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HCPF Thematic Priorities 2014

Priority for funding is given to applications targeting underprivileged groups who are vulnerable to ill-health, and health promotion programmes carried out in primary care settings. To sustain the effects of health promotion interventions, multidisciplinary approaches and cross-sectoral collaborations engaging the community to create supportive environments and to empower individuals to take ownership of their health are keys to success. Higher funding priorities will be accorded to the following thematic areas:

I. Tobacco control

While smoking is well known to cause many fatal diseases and cancers, continuous effort is required to put “what we know” into “what we do”. Measures to prevent and reduce tobacco exposure include:

  • Motivating smokers, in particular middle-aged men and women, to cease smoking and empowering them to forego cigarettes during the times of day when they face their toughest smoking triggers and peers; and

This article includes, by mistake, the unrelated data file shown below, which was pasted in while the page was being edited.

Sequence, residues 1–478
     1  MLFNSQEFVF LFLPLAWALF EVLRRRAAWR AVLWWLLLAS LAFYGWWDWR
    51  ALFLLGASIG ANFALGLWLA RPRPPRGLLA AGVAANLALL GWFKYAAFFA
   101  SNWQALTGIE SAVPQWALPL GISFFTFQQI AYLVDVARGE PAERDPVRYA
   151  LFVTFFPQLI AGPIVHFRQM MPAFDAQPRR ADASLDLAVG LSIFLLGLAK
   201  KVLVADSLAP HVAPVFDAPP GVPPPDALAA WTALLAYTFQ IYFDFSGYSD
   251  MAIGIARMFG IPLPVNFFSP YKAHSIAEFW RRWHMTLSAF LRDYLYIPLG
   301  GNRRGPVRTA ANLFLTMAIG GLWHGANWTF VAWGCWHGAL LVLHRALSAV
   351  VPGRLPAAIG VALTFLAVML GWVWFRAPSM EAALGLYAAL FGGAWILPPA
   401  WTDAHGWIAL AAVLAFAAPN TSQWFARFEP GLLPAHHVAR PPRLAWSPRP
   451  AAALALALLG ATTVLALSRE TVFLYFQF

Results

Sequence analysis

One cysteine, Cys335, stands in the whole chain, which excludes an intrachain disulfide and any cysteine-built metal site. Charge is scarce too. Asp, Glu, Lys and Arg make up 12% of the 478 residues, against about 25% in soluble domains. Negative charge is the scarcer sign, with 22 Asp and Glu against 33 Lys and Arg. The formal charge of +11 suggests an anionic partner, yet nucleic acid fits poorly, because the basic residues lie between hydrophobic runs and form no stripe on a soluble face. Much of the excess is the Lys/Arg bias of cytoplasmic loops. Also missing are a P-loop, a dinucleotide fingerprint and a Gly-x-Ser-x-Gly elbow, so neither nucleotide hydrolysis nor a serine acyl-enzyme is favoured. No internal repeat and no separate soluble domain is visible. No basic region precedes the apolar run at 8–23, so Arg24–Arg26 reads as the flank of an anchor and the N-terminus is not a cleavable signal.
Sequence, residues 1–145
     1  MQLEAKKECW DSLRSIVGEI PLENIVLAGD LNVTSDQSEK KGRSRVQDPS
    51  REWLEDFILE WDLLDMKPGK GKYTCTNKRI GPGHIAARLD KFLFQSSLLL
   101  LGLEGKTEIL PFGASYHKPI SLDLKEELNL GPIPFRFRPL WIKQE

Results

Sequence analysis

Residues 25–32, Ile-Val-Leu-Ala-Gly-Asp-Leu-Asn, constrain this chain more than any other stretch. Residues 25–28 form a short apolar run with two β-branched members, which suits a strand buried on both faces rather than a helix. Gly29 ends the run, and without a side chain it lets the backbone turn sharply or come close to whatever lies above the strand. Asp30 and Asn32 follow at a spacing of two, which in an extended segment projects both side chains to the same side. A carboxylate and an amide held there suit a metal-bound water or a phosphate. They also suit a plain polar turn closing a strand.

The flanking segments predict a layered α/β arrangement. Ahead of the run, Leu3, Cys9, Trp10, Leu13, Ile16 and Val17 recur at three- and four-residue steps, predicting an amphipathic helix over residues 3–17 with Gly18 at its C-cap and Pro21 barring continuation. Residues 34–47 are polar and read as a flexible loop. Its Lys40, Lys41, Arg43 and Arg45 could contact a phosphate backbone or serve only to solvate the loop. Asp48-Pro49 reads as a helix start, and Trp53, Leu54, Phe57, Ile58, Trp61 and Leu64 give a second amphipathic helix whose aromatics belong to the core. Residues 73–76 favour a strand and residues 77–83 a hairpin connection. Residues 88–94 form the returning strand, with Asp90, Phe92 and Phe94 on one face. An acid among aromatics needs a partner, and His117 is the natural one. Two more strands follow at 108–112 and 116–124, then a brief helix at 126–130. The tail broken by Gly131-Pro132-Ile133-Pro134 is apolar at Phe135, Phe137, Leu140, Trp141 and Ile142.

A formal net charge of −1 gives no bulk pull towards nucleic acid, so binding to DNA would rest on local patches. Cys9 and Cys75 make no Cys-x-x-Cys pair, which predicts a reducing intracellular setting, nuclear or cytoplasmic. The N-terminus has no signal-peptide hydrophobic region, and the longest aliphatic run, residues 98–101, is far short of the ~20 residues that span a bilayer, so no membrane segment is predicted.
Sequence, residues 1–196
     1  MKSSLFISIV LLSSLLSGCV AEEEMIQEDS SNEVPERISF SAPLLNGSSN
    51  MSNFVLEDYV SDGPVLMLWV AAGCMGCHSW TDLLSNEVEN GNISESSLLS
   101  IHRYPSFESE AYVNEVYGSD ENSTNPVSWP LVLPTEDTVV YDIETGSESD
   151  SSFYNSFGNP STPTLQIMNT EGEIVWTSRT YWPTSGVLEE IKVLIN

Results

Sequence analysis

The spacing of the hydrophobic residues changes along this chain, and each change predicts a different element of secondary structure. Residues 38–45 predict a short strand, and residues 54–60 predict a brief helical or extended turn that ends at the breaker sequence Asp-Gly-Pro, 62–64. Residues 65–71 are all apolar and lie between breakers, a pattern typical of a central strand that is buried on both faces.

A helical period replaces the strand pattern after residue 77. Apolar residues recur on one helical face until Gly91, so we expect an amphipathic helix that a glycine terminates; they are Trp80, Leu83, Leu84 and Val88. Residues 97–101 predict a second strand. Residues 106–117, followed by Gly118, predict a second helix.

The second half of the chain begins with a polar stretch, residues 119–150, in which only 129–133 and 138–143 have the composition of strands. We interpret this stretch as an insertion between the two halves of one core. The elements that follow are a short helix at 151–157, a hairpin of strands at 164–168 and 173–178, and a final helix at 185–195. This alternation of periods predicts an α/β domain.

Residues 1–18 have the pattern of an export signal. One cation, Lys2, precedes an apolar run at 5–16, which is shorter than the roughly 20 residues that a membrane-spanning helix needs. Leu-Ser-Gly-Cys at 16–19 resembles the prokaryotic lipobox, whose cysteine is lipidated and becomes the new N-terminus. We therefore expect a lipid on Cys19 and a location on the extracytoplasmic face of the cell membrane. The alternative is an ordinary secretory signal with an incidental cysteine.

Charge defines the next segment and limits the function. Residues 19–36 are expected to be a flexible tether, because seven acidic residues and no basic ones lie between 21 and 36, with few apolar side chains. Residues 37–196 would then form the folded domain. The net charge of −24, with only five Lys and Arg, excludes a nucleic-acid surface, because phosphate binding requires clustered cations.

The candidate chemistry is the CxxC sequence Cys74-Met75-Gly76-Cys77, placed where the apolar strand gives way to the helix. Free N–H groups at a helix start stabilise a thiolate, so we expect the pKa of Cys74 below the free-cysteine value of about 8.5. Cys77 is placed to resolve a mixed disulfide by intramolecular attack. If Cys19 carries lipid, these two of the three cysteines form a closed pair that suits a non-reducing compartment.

• Exhorting youth, women or high-stress career workers to abstain from tobacco use and connecting them with proven evidence of its damage to health.

II. Lifestyle, nutrition and physical activity

Adopting a healthy lifestyle, healthy diet and regular physical exercise are fundamental for preventing many chronic diseases. Community involvement to complement government initiatives in fostering active living, healthy eating, tackling overweight/obesity and promoting a healthy workplace will benefit specific groups by:

  • Enabling optimal young child feeding practices such as increasing consumption of fruits & vegetables and reducing intake of sugar-sweetened snacks & beverages;
  • Enhancing the availability of affordable healthy food and beverages to families and decision makers of schools;
  • Empowering the younger generation to adopt healthy lifestyle practices such as avoiding unhealthy habits, excessive screen time activities including internet addiction, high-risk sexual activities, alcohol and drug misuse, and maintaining balanced diet and healthy body mass index;
  • Increasing the public’s awareness and knowledge of balanced diet by taking the food pyramid as reference and to increase fruit and vegetables consumption and reduce salt consumption in their diet;